Today, all I do is write for a living. I am a ghost screen writer of scripts, for which my compensation is more than sufficient. Chances are you have seen one of my films, but because ours is an industry that lives and breathes through signed NDA's, some projects are contractually not permitted to ever be disclosed as having been ghost written. That's okay; money is green regardless, whether overtly or contractually covertly earned.
There are a great many schools out there and, if you have the capability to be accepted for enrollment, all will serve your needs well. Since you say you were previously in med school, I do not believe that acceptance into another school will be much of a challenge.
Do you need college? Once upon a time, no. Writers who were good were discovered. Today online access has leveled the field and given everyone access, thus exposure. Now, the world is your competition, so yes, college today is needed more than ever. Decide your college by what will be most personally rewarding to you. Keep your expenses down and your standards up, and you'll prevail.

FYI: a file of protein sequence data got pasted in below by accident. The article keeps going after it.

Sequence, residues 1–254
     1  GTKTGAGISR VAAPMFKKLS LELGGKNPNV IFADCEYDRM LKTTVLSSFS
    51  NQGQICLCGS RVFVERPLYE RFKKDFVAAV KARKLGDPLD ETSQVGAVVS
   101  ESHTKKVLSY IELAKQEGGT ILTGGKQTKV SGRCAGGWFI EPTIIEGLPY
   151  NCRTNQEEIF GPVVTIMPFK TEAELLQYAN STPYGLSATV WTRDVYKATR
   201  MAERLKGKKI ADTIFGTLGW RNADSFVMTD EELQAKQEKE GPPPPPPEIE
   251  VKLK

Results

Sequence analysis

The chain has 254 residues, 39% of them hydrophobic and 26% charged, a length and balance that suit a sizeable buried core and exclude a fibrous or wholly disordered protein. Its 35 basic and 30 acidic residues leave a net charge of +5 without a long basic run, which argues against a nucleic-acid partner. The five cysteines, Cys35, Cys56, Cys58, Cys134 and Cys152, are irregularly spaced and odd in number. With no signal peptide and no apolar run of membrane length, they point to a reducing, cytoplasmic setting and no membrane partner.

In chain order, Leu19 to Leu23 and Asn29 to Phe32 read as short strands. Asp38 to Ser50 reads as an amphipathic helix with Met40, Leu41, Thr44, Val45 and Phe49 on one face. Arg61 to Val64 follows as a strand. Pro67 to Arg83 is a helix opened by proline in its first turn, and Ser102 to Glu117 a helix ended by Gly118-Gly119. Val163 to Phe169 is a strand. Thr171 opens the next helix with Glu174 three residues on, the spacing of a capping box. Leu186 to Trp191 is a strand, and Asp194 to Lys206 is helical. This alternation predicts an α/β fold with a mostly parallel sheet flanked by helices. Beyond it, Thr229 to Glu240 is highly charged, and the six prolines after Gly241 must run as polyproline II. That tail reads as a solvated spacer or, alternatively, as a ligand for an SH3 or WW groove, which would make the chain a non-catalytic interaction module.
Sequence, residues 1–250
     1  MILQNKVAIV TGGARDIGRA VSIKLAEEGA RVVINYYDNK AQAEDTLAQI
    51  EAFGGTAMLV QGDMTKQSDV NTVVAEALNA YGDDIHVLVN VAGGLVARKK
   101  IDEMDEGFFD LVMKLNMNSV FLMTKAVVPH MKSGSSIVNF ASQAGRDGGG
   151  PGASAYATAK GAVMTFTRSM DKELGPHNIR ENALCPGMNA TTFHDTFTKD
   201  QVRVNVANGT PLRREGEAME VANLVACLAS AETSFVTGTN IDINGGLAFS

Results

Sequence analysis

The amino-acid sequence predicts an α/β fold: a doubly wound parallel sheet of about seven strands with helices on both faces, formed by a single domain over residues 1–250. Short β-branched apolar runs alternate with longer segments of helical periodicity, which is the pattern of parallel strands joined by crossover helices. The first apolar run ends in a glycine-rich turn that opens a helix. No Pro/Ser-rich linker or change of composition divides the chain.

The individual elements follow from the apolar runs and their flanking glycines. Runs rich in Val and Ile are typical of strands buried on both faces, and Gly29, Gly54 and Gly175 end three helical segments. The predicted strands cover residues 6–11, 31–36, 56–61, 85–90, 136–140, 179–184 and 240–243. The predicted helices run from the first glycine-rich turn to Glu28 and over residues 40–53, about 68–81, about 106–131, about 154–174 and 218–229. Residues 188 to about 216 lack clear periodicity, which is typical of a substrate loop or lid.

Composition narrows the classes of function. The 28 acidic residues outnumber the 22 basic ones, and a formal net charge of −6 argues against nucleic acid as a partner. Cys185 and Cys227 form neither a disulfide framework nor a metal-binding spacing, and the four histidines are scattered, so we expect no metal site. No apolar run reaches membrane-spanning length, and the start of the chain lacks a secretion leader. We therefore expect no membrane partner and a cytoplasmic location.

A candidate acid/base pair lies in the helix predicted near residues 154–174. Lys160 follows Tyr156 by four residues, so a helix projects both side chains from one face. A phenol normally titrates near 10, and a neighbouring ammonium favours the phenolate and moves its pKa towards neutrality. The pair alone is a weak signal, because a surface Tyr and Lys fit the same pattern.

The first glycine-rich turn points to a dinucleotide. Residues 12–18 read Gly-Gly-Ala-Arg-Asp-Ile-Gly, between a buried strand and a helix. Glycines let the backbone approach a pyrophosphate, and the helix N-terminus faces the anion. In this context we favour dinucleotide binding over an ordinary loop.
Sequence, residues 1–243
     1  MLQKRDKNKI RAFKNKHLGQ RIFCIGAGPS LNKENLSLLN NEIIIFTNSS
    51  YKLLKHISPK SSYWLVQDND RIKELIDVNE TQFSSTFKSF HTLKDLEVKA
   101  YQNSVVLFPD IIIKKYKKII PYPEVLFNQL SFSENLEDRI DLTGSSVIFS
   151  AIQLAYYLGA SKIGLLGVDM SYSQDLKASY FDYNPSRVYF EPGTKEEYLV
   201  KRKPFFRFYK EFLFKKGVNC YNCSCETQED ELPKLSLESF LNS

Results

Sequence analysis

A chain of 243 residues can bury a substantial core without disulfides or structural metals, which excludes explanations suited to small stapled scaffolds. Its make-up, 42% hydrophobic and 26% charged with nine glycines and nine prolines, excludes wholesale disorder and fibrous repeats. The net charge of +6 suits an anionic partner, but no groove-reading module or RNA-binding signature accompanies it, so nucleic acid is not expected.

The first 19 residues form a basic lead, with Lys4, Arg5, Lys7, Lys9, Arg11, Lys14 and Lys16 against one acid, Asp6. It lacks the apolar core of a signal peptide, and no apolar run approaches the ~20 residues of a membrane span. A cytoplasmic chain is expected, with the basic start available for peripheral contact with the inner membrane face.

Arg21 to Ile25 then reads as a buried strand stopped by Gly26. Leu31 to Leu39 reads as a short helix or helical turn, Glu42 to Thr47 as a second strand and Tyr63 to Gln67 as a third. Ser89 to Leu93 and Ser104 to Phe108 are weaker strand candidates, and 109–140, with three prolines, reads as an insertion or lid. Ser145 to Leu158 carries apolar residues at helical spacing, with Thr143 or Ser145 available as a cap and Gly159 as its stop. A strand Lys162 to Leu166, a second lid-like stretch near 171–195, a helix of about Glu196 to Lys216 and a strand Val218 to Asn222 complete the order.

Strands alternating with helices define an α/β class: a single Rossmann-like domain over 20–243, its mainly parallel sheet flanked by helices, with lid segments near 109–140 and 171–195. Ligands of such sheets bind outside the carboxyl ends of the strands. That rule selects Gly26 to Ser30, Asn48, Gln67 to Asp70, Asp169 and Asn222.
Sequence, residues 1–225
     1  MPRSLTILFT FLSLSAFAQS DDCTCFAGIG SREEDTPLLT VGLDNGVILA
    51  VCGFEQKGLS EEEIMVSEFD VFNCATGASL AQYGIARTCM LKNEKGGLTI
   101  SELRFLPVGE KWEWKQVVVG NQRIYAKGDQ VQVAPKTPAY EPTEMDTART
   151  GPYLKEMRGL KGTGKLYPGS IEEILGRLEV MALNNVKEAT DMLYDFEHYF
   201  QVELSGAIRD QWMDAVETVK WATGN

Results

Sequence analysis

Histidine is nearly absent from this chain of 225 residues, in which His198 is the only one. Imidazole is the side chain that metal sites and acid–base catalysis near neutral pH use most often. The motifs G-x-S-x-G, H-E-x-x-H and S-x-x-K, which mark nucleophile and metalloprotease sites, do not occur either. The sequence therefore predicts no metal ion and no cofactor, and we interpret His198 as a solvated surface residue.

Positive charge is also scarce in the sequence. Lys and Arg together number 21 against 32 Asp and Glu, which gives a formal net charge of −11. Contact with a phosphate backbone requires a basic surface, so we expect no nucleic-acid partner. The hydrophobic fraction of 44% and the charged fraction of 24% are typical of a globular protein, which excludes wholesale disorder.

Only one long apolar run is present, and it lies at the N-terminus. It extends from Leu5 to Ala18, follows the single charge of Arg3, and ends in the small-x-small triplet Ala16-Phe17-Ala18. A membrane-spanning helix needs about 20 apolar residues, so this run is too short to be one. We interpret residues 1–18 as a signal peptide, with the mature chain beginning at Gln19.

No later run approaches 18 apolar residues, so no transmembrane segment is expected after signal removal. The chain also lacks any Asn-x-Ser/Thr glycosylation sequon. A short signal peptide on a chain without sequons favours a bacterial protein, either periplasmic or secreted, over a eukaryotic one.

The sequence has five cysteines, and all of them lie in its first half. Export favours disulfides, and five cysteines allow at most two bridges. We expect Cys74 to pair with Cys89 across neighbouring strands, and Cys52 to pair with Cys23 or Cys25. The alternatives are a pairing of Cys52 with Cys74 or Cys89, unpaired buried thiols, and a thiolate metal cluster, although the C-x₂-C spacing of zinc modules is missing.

My biggest problem has been finding the time to keep reading and writing which are a must if you wish to succeed in this field. Practice, practice, practice makes you better at any trade you seek. If you want it bad enough you'll find you are the only force stopping you.
Study courses are great for keeping you focused, but if you love to write you are likely already educated enough to take up the craft. You just can't slack off and you need to practice everyday. I have taken study courses for writing freelance and writing for children. I have the diplomas. What I have often lacked is the inspiration and energy needed to keep me hammering at the old keyboard. Hub pages is a good place to practice. Write and it will be read. Read what other writer's have to say about writing. I suggest Stephen King's memoir On Writing, a great place to start.